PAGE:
CHOOSING A SATELLITE SYSTEM

If you like to watch TV - or maybe you are a real couch potato - adding a satellite system to your RV is one of the best accessories you can add to your RV.   But, what should I consider before I pluck down my money?

My discussion will be limited to the two 18" systems that are presently on the market....DISH and DIRECTv, and what equipment you will need.

DISH OR DIRECTv The first thing you need to do is to determine which of the two systems to buy.   Here are some things to consider:

  • Programming.   There are several web sites where you can compare the programming services and prices, for each of these systems.   This may be the deciding factor for making your choice.   Be aware that DISH also has the DISH 500 system, and this requires a special dual-horn antenna to allow the satellite receiver to simultaneously access two satellites.   This is likely not compatible with your existing factory roof-mounted satellite dish and will require that the dish be changed and an additional coax be run to the satellite receiver.
  • Satellite Receiver and antenna.   When you buy a satellite receiver, it almost always includes a dish.   If you already have a roof-mounted satellite antenna on your D, you can use this extra dish for those times when your roof antenna is blocked by trees.   Note that DISH usually gives you the satellite receiver and dish free, while DIRECTv requires costs a little money.

OTHER CONSIDERATIONS
Typically, the satellite receiver is placed in the overhead compartment on the passenger side of the coach.   You will need to make sure that the satellite receiver you select will fit in this compartment.   There are several manufacturers for the satellite receivers, especially for the DIRECTv system.   Some are smaller than others.

Make sure that the receiver has the features that you need.   If you will be viewing on the bedroom TV, a receiver with an RF remote is much handier than the typical infrared remote, as you will be able to change channels on your satellite easily.   Some receivers allow you to set up viewing schedules, and even control the vcr for the taping of programs.

If you will be adding a roof-mounted antenna, you have several choices.   You can select from a manually-operated antenna, an automatic antenna that will find the satellite when you are parked, or even one that will automatically track the satellite, even as you drive! Manual antennas for the roof-top of the D are typically around $200.   Automatic antennas are around $800 for the "traditional" style to around $1500 for the dome style.   These antenna will work only if you are stationary.   At least some of the automatic non-dome antennas suffer some problems when it gets windy, so I would recommend spending a few extra bucks and getting a dome version.   Antennas that will track the satellite and allow you to watch TV as you drive range in price from $2600 to over $4000.   IMPT NOTE! If you are considering one of the dome antennas (especially the type that will allow you watch the satellite while you drive), be advised that most models only work with DirecTV.   Some manufacturers have a model that will work with DISH, but it costs more money.   ALSO, as DISH and DirecTV have gone to providing programming on two different satellites, make sure that your automatic dish will work "find" both satellites (some models take manual intervention to change satellites and some do it automatically, so be aware of the differences when you make your choice.   For my money, the manual antenna works just fine, and I can usually find the satellite quicker than the $800 automatic model.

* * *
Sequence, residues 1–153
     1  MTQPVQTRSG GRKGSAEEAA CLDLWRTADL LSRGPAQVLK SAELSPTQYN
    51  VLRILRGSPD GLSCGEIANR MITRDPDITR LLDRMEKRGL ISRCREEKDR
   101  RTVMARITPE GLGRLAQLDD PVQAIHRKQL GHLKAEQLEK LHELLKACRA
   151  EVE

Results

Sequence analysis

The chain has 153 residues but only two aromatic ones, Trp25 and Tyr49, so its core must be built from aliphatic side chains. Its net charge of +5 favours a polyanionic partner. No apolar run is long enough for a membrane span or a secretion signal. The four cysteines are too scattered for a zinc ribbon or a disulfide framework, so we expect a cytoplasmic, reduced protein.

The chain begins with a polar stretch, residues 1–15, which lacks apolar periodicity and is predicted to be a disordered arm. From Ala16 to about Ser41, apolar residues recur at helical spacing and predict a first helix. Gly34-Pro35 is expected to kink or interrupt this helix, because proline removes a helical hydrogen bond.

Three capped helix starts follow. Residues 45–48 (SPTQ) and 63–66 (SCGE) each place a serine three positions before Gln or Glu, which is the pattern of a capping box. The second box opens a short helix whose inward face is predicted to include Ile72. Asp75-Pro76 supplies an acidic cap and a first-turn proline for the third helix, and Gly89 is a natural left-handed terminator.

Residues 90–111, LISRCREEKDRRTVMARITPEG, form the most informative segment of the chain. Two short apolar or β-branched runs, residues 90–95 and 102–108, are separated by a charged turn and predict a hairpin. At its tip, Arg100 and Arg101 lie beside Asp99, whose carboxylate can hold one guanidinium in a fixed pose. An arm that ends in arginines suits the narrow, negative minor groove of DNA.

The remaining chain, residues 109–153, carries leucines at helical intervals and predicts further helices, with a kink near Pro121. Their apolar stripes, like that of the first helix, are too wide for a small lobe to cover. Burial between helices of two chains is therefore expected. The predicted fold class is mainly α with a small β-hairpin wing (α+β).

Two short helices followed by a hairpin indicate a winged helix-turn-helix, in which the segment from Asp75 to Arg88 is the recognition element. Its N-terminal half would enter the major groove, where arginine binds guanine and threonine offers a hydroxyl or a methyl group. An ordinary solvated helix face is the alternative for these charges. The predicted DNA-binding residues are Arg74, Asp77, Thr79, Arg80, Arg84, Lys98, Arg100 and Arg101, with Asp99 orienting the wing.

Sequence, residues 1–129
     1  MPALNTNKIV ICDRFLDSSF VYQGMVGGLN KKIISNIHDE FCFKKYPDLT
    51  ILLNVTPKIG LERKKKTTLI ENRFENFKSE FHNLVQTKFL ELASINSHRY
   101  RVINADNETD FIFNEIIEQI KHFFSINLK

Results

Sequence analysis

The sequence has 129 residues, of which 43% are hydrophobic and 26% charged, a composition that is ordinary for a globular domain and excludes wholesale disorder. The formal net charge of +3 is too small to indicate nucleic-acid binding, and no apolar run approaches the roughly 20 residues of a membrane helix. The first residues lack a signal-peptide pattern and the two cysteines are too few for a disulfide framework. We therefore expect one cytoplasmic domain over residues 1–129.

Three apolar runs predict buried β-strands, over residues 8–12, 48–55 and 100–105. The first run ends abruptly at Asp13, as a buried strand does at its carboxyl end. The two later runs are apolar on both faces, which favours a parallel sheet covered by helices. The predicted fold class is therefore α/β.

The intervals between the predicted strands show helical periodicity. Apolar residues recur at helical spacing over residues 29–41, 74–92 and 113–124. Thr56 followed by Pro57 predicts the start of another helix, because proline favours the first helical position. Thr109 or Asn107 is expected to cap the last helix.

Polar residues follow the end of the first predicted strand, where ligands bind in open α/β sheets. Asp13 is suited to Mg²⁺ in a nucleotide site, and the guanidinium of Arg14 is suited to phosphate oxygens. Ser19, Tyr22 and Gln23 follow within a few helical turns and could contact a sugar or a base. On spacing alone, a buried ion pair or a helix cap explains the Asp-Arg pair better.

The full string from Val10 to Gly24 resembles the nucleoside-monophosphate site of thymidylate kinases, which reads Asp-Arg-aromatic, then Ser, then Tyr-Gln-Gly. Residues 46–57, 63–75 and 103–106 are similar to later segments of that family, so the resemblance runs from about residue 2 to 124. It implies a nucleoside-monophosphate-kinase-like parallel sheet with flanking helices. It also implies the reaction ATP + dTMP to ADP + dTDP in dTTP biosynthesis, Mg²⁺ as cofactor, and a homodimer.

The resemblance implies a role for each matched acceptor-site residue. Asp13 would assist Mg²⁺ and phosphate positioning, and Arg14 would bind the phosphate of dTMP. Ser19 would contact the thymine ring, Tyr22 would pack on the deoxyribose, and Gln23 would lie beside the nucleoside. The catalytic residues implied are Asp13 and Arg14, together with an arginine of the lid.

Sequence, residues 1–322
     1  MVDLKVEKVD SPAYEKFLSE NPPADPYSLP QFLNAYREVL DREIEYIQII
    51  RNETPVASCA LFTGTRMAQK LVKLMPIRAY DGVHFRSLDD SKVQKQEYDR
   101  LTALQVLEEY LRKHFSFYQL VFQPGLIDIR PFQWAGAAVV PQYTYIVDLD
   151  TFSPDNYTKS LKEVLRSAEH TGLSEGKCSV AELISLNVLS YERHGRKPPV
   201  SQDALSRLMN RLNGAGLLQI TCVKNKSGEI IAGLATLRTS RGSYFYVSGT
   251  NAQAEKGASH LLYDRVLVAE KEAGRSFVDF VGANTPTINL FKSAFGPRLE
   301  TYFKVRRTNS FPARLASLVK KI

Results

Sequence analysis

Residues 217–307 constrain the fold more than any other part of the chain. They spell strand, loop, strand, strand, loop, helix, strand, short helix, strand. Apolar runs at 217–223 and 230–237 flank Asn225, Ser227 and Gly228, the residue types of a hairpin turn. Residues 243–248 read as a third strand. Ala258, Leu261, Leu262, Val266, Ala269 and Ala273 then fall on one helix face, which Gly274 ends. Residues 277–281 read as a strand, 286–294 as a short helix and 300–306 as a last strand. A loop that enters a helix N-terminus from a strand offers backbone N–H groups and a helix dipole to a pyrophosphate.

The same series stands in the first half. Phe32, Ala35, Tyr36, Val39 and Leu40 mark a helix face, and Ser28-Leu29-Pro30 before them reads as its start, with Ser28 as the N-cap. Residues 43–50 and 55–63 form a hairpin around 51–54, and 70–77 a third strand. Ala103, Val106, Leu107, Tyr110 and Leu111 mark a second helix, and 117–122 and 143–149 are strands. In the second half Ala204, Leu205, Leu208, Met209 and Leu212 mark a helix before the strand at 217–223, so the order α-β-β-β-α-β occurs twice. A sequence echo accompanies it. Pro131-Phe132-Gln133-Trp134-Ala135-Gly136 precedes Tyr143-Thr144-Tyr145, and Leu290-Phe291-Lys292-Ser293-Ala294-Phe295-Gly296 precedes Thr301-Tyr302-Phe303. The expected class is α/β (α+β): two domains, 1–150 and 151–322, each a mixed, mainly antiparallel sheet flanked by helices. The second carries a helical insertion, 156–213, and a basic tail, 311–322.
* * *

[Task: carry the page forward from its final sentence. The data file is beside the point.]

A roof-mounted satellite antenna is very handy and highly recommended.   However, you will also need a seperate antenna and tripod for those times when your roof-mounted antenna is obstructed by trees.   NOTE: Most people will tell you that RG-6U coax is needed to connect the dish to the receiver.   I use RG-59U, which is much thinner and cheaper, with excellent results.

The last thing that you will need is something to help you "find" the satellite if you have a manual antenna.   Most receivers have a built-in program that will tell you the correct azimuth and elevation for the antenna based on your current zip code, along with an on-screen utility to help you find the satellite.   The problem with relying on this on-screen utility is that the satellite receiver is very slow to process the signal information.   You have to adjust the satellite antenna VERY slowly, or you will pan right past it and never see it on your TV screen.   There are two products to make finding really quick and easy.   (Note that you will also need a good compass).   First, get the Winegard Digital Magic, if you are using a manual roof-mounted antenna.   This will tell you the exact elevation of your satellite dish.   Cost is about $135 installed at Camping World, and worth every cent! I consider this an absolute must if you will be using a manual roof-mounted antenna.   Second, get a "Satellite Finder" that will allow you to visually and audible instantly monitor the satellite signal strength.   Winegard makes one for about $35.

Submitted by Bob Cook